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National Lab Briefs

August 8, 1988

Brookhaven National Lab’s High Flux Beam Reactor got a major boost last month when a Department of Energy committee recommended that a proposed $20 million upgrade of the reactor be included in next year’s budget. A DOE official says that the project “has a good shot” of making it into the president’s 1990 budget request, which will be submitted next January. The upgrade will allow the 23-year-old reactor to remain the nation’s primary neutron source for th

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NIH Peers At Its Own Peer-Review Process

By | August 8, 1988

At least six experiments are aimed at improving the odds for innovative, cross disciplinary, and high-risk proposals WASHINGTON—The National Institutes of Health is changing the way that it does business with the research community. More than a half-dozen experiments are underway to improve the peer-review system—the tool NIH uses to weed out nearly two-thirds of the proposals it examines from those it will find. Most researchers consider peer review to be a pillar of science, ran

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Private Institute Briefs

August 8, 1988

No one believes that science is always objective. But how much are the ideas, experiments, and even conclusions of science shaped by the surrounding culture? Social scientist Kalim Siddiqui, director of the Muslim Institute in London, wants to know. So he has invited Islamic scientists working outside the Muslim world— he estimates there are 500,000 of them—to attend a conference in London this winter to examine the question. Siddiquis own opinion is that modern science is ‘l

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Reagan Aides Question His Pact With Japan

By | August 8, 1988

Some advisers doubt the Japanese will comply with the terms of the science treaty signed in Canada last June WASHINGTON—The ink had hardly dried on the agreement signed by Ronald Reagan and Prime Minister Noboru Takeshita to foster United States-Japan cooperation in science when the sniping began. But the snipers weren’t Democrats running for office, nor were they diplomats representing Japan’s commercial rivals. The criticism was coming from hardliners in the White House

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The highest salaries for young physicists in the U.K. are paid for jobs associated with the electricity-generation industry, according to a recent survey conducted by the London-based Institute of Physics. The survey, based on 1988 salary data supplied by 5,430 respondents, revealed that physicists between 25 and 29 earn a median salary of £15,380 ($26,146) in that industry, compared to £14,700 ($24,990) in communications technology, and £14,500 ($24,650) in computer science.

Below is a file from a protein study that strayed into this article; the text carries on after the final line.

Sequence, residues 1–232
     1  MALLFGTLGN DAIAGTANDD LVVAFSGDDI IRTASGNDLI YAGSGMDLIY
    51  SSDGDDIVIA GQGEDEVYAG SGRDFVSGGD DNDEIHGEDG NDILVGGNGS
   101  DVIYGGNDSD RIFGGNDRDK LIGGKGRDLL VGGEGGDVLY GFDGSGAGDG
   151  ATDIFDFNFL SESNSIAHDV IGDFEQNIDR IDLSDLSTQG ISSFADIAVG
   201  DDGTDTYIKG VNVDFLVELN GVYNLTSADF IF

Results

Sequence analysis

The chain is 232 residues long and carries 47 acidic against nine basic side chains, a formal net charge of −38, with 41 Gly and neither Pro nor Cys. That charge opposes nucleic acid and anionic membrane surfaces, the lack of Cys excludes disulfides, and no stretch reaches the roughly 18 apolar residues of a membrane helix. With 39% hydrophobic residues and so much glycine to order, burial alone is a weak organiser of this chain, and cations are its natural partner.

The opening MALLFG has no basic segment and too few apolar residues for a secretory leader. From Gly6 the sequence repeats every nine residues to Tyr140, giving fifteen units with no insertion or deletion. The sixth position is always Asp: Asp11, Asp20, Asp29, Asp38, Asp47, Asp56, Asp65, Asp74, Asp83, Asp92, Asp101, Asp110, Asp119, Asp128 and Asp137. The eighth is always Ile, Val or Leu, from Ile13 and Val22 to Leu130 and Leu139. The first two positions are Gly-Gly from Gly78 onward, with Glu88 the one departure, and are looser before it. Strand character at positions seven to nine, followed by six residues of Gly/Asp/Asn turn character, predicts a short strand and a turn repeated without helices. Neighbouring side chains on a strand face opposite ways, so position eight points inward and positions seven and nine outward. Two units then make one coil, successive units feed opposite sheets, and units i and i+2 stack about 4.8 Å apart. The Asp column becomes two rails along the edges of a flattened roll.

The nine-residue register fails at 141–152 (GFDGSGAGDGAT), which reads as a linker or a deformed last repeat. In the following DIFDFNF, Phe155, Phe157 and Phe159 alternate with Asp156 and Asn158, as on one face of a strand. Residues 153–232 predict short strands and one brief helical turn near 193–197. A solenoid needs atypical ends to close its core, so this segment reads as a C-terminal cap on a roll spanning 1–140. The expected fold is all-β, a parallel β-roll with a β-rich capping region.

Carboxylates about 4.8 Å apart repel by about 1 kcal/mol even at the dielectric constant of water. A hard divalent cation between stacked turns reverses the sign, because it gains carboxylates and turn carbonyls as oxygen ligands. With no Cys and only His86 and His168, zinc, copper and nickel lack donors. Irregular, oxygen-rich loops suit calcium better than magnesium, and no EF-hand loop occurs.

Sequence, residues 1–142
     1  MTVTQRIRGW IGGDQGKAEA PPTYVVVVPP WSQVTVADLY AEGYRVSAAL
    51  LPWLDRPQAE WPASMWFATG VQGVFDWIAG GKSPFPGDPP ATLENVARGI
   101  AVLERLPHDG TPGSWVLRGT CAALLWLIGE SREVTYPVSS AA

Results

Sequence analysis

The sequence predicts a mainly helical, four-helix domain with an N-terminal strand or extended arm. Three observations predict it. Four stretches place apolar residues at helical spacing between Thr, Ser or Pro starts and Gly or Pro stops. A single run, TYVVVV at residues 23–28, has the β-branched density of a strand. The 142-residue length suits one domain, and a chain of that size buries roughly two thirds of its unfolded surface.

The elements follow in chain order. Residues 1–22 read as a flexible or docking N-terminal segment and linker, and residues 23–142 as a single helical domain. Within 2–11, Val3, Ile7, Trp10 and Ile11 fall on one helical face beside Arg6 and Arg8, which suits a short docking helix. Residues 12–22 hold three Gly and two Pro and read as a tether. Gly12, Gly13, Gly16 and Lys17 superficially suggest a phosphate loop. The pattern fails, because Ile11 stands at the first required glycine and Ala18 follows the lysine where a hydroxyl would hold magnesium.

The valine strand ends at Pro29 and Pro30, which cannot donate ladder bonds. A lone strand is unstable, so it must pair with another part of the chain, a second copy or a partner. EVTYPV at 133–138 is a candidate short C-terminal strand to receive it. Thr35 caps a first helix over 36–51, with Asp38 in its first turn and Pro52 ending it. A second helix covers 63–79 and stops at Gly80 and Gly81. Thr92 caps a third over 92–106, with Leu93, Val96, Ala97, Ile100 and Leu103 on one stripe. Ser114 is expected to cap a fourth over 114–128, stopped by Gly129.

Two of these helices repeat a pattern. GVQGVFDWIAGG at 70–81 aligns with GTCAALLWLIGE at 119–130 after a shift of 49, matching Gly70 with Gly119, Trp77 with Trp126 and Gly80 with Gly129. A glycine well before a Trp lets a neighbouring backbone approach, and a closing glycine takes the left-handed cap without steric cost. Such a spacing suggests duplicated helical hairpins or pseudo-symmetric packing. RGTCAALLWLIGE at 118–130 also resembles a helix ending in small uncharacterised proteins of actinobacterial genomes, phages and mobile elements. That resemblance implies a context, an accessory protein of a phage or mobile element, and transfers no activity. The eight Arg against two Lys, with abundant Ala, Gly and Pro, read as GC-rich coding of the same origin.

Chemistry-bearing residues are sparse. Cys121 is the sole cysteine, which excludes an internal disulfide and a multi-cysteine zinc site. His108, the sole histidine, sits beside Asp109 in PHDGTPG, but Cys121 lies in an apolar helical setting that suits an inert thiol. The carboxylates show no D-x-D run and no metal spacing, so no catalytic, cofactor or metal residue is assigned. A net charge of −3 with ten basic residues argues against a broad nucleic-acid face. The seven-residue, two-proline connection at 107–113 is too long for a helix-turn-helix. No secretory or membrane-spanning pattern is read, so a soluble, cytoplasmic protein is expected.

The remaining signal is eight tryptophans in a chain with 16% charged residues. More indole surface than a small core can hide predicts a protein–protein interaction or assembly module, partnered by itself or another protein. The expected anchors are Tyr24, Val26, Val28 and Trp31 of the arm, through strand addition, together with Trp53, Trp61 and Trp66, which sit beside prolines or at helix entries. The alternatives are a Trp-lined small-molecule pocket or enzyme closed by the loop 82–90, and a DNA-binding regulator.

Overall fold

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Science Grants

August 8, 1988

Below is a list of notable grants recently awarded in the sciences—large federal grants as well as awards of all sizes from private foundations. The individual cited with each entry is the project’s principal investigator. BIOMEDICINE: The Bristol-Myers Company, New York City, awarded unrestricted grants for cancer research to two institutions: $500,000 over five years to St. Jude Children’s Research Hospital, Memphis, Tenn.; J.V. Simone $500,000 over five years to the Yale

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A trio of relatively small Western European nations heads a recently published list of countries that produce high-quality basic research. The study, undertaken by the Information Science and Scientometrics Research Unit (ISSRU) of the Hungarian Academy of Sciences in Budapest, found that the scientists of Switzerland, Sweden, and Denmark produced papers having significantly greater impact than expected, based on the average citation rates of the journals in which each paper was published. By t

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Taking Time Out To Think

By | August 8, 1988

Max Perutz observes in this issue that “many young scientists work too much and read and think too little” (page 11). And I agree. It’s not just a matter of spending too much time at the lab bench; it is also too much time taken to write grant proposals, review those of others, serve on committees, and perform many other activities. While these tasks, taken individually, may be necessary and even worthwhile, too many can dramatically cut into the time spent thinking about o

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The 4 Most Cited Papers: Magic In These Methods

By | August 8, 1988

It will surprise few that methods papers lead the list of the most cited scientific articles ever—at least those tracked in the Institute for Scientific Information’s Science Citation Index, 1955 to 1987. “The lowry paper,” as it is known, stands head-and-shoulders above all others. This 1951 article by Oliver H. Lowry Nira J. Rosenbrough, A. Lewis Farr, and R.J. Randall, published in the Journal of Biological Chemistry, 193,265-75, reported an improved procedure for

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[Ed. note: Max Perutz shared the 1962 Nobel Prize in chemistiy with John Kendrew for developing the X-ray diffraction techniques that revealed the structures of macromolecules and, thereby launched the science of molecular biology. But more recently, he has been lauded for his spectacular success as a manager of scientists. In particular, the accolades single out his tenure as head of the Medical Research Council’s molecular biology laboratory in Cambridge, from 1947 to 1979. What makes

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